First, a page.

The U.K. lobbied European Union policy makers to stop plans for a new law on shale gas exploration, according to an official letter.
The government aimed to convince EU Environment Commissioner Janez Potocnik and EU Climate Commissioner Connie Hedegaard that existing European laws are adequate, according to the letter from Ivan Rogers, the U.K.’s permanent representative to the EU, sent to officials in London.
The U.K. also sought to support European Commission President Jose Barroso in his view that there is insufficient evidence to propose new legislation, according to the letter dated Nov. 25 and obtained by Bloomberg News.
The U.K.’s campaign was a success, based on draft guidelines reported yesterday. The proposals will largely leave regulation of drilling to member states, allowing pro-shale governments including Britain and Poland to set their own policies on hydraulic fracturing, the drilling technique that’s made the U.S. the world’s largest gas producer.
The U.K. will “need to work hard to support Barroso and to guard against backsliding when his position is attacked by opposing interests,” Rogers said in the letter.
Officials at the Foreign Office and Department of Energy and Climate Change in London declined to comment on the letter.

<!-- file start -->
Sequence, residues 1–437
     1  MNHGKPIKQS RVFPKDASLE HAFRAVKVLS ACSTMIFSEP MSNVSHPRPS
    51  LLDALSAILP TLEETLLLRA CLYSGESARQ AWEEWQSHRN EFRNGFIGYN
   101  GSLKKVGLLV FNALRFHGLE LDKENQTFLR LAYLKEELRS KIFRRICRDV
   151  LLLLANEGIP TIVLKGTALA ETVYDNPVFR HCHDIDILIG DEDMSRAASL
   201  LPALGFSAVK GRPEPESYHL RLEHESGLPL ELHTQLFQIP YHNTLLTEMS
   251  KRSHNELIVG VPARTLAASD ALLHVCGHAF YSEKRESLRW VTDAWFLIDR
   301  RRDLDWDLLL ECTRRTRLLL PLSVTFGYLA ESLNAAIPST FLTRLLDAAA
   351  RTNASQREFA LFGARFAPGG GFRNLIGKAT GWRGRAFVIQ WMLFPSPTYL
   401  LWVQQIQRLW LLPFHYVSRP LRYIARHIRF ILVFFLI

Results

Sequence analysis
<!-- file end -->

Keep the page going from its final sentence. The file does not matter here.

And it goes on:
“This letter exposes the U.K. government’s hypocrisy on fracking,” Tony Bosworth, an energy campaigner at Friends of the Earth, said in an e-mailed statement. “Behind the scenes the government uses Machiavellian maneuvers to scupper the regulations and silence the concerns of other member states.”
Britain, holder of at least 1,300 trillion cubic feet of gas in shale formations in the north, has offered tax breaks to drillers to kick-start the industry that promises to create thousands of jobs and cut reliance on imported fuel as North Sea reserves decline. Prime Minister David Cameron this month pledged millions of pounds to local authorities that approve shale developments.
Total SA, which is banned in its home country of France from fracking, this week became the largest oil company to enter the U.K.’s shale industry. Bulgaria and the Netherlands have also restricted the shale drilling process that pumps water, sand and chemicals at high pressure to force the fuel from the rocks.
The draft proposals will be a part of a set of documents on future EU policies, known as the climate and energy package, that the commission is scheduled to adopt on Jan. 22.
The planned measure will urge the 28 member governments to follow “minimum” principles so that hydraulic fracturing is done safely and in line with EU environmental laws. It is a defeat for green lobbies and the European Parliament’s environment committee, which called for new laws on shale gas. The draft is now in internal consultations in the commission.
“Our short-term strategy has to be to ensure that when the Climate and Energy Package issues for inter-service consultations it includes robust guidance, shaped by the U.K., but no legislative proposal on shale,” Rogers said in the letter.